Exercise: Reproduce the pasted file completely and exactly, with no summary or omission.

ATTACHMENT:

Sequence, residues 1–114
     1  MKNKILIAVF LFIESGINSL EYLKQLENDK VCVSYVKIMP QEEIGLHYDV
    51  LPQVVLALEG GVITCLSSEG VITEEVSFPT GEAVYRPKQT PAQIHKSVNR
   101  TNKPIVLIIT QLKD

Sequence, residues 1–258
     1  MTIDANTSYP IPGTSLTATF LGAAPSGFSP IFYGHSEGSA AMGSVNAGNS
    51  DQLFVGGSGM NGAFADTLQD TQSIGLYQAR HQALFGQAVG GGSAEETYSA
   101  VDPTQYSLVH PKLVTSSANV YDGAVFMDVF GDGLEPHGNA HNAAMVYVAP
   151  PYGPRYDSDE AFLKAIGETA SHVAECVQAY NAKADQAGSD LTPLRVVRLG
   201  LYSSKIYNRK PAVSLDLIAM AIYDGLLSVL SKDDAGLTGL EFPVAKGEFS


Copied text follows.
Sequence, residues 1–114
     1  MKNKILIAVF LFIESGINSL EYLKQLENDK VCVSYVKIMP QEEIGLHYDV
    51  LPQVVLALEG GVITCLSSEG VITEEVSFPT GEAVYRPKQT PAQIHKSVNR
   101  TNKPIVLIIT QLKD

Sequence, residues 1–258
     1  MTIDANTSYP IPGTSLTATF LGAAPSGFSP IFYGHSEGSA AMGSVNAGNS
    51  DQLFVGGSGM NGAFADTLQD TQSIGLYQAR HQALFGQAVG GGSAEETYSA
   101  VDPTQYSLVH PKLVTSSANV YDGAVFMDVF GDGLEPHGNA HNAAMVYVAP
   151  PYGPRYDSDE AFLKAIGETA SHVAECVQAY NAKADQAGSD LTPLRVVRLG
   201  LYSSKIYNRK PAVSLDLIAM AIYDGLLSVL SKDDAGLTGL EFPVAKGEFS